“The focus of corporate strategy is to satisfy the needs of the shareholders,” says Lisa Fairbairn, a professor and lead faculty at the DeVos Graduate School of Management, Northwood University, Midland. “The focus of business strategy is to satisfy a select group of customer needs better than anyone in the defined competitive marketplace.”
Smart Business spoke to Fairbairn about how to develop the best the business strategy for your company.
Why is the distinction between business strategy and corporate strategy important?
Primarily because head-to-head competition really only exists at the business strategy level. Of course, the two strategies go hand-in-hand, and there’s an assumption that if business strategies satisfy customer needs better than competitors, then shareholder value will be enhanced which is the underlying premise of corporate strategy.
What constitutes a successful business strategy?
The ultimate measure of success is whether or not it is sustainable in the long term. The key to sustainability is having a forward-looking strategy based on true customer needs (as opposed to products and product attributes) that are differentiated in the marketplace.
In the purest sense, customer needs don’t really change over time. For example, customers didn’t say, ‘Hey, we need cell phones,’ but they did have the need to communicate more efficiently and conveniently. If the aim of your strategy is to be the best cell-phone manufacturer, you will likely become obsolete, as others focus on how to better fulfill customers’ communication needs. Products are not strategies.
This underlying focus on customer needs doesn’t mean that the company should strive to fulfill all customer needs; in fact, the opposite is true. To provide unquestionable focus, strategy should be just as much about which customer needs a company chooses to dismiss.
Finally, execution of the business strategy must focus on the internal alignment of the organization’s activities with customer needs. The goal is for all functions to contribute in harmony to the fulfillment of the selected customer needs. Outcomes that reinforce functional silos should be replaced by outcomes that mandate synergy from people and activities throughout the organization.
Why do many companies not have a sustainable business strategy?
Trying to be everything to everyone inhibits long-term sustainability. Many companies find it difficult to walk away from customers and their long list of needs ... after all, they are paying customers! The problem is that it is virtually impossible to be the best at everything for any length of time. In addition to diluting what you do best, it can confuse both customers and employees alike.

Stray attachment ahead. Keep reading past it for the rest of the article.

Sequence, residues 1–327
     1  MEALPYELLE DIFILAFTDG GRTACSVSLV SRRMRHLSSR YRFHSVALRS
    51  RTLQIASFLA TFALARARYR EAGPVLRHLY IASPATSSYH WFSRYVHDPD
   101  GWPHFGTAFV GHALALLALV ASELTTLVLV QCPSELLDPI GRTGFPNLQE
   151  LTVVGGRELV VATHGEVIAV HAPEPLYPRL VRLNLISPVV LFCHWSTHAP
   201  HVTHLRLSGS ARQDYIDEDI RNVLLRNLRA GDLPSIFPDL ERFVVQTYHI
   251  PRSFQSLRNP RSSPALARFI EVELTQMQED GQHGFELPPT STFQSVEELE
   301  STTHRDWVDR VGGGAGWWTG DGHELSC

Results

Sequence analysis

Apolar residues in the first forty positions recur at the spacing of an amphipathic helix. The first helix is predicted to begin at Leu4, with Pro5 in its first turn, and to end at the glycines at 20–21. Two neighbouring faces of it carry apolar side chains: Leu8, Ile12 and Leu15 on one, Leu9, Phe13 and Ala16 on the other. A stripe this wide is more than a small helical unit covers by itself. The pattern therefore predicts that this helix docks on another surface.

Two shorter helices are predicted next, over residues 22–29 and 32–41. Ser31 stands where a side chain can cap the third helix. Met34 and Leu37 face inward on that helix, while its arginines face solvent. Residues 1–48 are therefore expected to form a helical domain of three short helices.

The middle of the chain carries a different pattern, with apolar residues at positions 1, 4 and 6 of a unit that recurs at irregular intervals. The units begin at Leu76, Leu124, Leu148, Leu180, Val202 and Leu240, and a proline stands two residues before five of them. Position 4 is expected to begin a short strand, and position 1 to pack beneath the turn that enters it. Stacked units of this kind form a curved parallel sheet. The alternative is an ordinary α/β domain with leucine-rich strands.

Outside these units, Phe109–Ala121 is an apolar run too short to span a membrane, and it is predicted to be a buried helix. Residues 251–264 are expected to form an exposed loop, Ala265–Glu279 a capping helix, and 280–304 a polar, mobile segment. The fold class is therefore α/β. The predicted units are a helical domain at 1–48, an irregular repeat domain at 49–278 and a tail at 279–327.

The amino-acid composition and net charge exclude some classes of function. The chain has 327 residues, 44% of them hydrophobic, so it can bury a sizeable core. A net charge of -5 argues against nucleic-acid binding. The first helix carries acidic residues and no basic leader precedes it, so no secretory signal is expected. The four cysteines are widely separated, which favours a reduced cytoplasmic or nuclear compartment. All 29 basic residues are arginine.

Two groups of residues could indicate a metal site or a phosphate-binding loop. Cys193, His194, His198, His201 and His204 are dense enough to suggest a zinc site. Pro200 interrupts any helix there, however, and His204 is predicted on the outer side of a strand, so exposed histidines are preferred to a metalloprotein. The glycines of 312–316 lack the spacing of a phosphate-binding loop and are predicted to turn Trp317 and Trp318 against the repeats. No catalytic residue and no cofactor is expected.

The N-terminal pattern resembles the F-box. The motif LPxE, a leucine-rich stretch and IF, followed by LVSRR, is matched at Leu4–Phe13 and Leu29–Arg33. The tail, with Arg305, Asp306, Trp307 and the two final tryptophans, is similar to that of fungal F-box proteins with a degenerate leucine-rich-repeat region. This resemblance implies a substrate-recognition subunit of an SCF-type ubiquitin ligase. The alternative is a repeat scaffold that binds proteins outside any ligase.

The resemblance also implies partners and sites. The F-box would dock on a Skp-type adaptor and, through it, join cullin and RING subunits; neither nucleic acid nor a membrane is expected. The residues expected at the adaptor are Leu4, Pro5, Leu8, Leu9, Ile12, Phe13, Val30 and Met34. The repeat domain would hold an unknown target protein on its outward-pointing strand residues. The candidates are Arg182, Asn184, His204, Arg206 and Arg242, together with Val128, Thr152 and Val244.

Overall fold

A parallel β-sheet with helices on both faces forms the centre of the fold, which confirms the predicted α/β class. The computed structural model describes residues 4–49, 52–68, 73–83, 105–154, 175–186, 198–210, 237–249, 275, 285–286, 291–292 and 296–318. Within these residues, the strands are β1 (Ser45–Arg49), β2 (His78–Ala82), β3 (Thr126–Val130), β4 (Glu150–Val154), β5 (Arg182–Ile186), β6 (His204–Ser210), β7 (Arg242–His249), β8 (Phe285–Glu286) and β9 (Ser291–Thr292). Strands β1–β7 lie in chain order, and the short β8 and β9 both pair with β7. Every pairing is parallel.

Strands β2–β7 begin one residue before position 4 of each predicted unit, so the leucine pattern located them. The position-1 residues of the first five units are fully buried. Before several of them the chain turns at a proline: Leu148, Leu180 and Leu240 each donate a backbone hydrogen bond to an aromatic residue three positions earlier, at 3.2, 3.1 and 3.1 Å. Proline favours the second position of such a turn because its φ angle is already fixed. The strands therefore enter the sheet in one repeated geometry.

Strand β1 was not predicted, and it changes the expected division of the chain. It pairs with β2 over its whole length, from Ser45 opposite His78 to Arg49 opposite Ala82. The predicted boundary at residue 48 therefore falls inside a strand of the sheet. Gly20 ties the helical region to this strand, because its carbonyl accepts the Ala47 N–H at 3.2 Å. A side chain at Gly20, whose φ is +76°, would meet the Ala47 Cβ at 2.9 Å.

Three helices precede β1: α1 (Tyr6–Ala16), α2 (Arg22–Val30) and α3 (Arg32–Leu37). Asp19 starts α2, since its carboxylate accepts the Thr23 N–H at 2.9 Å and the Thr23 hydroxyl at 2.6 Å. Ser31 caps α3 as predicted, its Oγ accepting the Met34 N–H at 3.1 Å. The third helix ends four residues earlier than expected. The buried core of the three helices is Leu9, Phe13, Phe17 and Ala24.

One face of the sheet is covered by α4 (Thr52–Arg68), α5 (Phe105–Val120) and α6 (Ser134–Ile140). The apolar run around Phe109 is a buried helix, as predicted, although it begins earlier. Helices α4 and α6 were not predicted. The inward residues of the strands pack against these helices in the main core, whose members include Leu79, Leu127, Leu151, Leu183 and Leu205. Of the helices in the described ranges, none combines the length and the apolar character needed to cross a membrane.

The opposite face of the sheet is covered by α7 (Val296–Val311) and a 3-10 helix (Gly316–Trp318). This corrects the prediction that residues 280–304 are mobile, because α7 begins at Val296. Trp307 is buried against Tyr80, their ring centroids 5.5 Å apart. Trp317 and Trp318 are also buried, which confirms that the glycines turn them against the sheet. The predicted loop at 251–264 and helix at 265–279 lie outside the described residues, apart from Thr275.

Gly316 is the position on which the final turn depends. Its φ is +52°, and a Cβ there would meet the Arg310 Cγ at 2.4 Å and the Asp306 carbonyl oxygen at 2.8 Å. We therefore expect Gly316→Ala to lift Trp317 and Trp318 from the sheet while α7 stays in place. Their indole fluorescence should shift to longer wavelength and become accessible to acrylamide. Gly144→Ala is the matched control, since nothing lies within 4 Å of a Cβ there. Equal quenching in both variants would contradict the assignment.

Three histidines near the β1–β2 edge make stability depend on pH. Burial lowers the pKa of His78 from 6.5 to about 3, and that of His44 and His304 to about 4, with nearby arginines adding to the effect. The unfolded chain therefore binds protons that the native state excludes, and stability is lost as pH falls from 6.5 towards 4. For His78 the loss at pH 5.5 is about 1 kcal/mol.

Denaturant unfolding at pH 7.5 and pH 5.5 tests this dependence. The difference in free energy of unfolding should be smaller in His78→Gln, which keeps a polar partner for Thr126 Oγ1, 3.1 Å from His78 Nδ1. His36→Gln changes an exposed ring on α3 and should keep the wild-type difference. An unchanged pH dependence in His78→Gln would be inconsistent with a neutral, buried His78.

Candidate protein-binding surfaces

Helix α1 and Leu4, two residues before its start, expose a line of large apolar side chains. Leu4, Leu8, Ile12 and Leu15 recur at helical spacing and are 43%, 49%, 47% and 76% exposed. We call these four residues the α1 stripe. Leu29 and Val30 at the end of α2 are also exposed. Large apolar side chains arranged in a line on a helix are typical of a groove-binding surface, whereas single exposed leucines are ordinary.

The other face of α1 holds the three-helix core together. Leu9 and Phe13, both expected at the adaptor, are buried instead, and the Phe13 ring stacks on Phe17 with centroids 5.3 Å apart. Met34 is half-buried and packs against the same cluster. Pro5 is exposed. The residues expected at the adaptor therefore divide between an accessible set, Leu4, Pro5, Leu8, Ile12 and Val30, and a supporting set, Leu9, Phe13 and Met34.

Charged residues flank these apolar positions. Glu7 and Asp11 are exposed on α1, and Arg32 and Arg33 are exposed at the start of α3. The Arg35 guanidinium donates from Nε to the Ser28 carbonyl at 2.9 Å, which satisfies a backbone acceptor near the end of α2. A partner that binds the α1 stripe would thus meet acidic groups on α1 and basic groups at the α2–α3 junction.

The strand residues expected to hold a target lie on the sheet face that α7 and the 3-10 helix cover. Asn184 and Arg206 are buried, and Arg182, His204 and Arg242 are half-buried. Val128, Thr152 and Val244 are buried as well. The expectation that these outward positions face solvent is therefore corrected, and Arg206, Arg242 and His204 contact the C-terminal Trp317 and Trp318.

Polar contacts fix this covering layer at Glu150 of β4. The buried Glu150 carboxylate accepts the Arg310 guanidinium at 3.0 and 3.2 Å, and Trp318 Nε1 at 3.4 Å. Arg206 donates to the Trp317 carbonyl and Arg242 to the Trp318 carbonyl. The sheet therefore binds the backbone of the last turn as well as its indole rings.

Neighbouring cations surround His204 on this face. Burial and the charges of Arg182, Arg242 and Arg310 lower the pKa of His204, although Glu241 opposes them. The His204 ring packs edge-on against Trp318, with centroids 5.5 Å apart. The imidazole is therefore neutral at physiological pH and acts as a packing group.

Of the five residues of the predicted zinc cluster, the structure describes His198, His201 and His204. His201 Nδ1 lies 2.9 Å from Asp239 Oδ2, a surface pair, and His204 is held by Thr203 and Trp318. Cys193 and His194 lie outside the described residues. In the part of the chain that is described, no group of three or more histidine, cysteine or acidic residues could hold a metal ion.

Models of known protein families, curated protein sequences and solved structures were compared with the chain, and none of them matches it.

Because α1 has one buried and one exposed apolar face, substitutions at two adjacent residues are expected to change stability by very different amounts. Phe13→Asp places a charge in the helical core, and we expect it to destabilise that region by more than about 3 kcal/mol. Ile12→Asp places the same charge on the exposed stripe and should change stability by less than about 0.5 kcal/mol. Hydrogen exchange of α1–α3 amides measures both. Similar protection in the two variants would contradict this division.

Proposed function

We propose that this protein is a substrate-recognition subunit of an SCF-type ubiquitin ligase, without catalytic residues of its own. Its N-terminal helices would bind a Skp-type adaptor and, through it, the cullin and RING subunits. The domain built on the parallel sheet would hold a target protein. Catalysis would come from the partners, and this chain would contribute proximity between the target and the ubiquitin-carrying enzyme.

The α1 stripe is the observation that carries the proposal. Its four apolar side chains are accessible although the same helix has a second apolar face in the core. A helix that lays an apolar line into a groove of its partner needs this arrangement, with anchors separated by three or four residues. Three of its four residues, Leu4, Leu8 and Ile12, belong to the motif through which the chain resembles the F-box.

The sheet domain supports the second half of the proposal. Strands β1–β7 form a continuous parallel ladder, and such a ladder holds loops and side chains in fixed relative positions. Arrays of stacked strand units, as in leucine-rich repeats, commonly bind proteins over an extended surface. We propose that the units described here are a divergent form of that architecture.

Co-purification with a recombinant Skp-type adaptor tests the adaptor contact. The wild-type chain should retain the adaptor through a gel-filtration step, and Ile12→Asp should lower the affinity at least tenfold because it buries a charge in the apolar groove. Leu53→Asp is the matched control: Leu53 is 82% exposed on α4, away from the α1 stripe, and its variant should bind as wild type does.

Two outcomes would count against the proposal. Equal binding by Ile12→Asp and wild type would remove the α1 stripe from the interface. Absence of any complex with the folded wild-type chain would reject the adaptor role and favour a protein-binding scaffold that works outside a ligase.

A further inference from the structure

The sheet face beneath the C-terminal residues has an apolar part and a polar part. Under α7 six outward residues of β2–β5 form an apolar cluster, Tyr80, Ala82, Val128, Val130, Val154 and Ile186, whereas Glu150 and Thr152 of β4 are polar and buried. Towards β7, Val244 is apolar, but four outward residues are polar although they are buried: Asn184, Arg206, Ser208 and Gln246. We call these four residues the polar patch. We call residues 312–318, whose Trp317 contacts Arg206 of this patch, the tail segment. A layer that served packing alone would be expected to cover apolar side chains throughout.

Another common problem is that companies tend to conceptualize their business strategy with a 10,000-foot view. Many companies profess that ‘customer service’ is what differentiates them in the marketplace. But what does customer service mean? Most friendly, most efficient, most personalized? If the needs that are driving the strategy aren’t drilled down to a real specific level, there is too much room for individual interpretation by the employees ... which likely results in the inconsistent delivery of the intended strategy.
Finally, you can craft the greatest strategy in the world, but if it’s not communicated properly, if there isn’t buy-in, and if there is no accountability for its implementation, it’s just another business exercise without any impact.
Who is responsible for developing business strategy?
While many might think that strategy is a management-only ritual, it needs to be viewed as a company-wide initiative that is constantly revisited. As customer needs are the key ingredient, understanding market data and the ability to respond to it quickly is critical for success. Front-line employees seem to have a better pulse on true customer needs and how adequately they are being fulfilled. As a result, the company is best served by all employees understanding, contributing and embracing the business strategy.
LISA FAIRBAIRN is professor and lead faculty at the DeVos Graduate School of Management, Northwood University, Midland. Reach her at (800) 622-9000 or firstname.lastname@example.org.